Monday, October 6, 2014
Profile effects in early bilingual language and literacy
Oller, D. K., Pearson, B. Z., & Cobo-Lewis, A. B. (2007). Profile effects in early bilingual language and literacy. Applied Psycholinguistics, 28 (2), 191-230.
English-speaking bilingual and monolingual children perform differently on language tests. The scores of the monolingual group are usually higher, though not always. The pattern of group differences could be related to the aspect of language being investigated, an idea investigated in this paper.
Data were reanalyzed from 620 children in 2nd and 5th grades collected as part of a broad-scale study of monolingual English and bilingual Spanish–English learners in Miami. Findings showed no group differences in basic reading (phonics) tasks, but lower oral vocabulary scores for the bilingual Spanish–English than monolingual English learners.
Oller et al. explained this pattern of findings in terms of the “distributed characteristic” of the bilinguals’ knowledge. For bilingual speakers, some vocabulary items may be experienced in one setting and one language while other items are experienced in another setting and the other language. For example, words like ‘sewing’ may be used at home in Spanish, whereas ‘recess’ may occur at school in English. There are so many words being encountered, that the frequency of hearing (at least some) words in both languages may be low. As a result, lexical knowledge is ‘distributed’ across both languages leading but vocabulary level remains lower than monolingual peers in each language.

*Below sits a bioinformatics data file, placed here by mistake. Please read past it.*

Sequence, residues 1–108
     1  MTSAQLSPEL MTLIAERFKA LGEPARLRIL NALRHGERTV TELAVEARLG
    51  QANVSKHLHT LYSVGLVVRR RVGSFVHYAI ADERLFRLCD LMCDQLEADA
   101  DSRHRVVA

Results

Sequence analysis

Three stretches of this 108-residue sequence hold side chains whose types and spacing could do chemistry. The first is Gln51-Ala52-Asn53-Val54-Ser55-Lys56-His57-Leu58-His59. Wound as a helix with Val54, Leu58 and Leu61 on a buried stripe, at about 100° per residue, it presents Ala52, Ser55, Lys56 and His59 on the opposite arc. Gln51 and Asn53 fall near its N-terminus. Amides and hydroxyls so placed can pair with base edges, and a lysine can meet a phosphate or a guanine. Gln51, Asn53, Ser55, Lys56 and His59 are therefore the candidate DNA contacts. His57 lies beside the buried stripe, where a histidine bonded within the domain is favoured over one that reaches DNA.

In contrast, learning two languages requires bilingual children to learn all the phonics of each language. Still, the total number of phonemes across both languages will be small allowing for the child to have frequent experiences with all the phonemes of the languages. Phonemic knowledge, then, is not distributed, but the same across languages. As s result, bilingual and monolingual groups do not differ in phonological analysis skills such as those employed basic reading tasks.
These findings suggest that the distributed characteristic of bilinguals’ knowledge across two languages has important implications for their language and literacy abilities.
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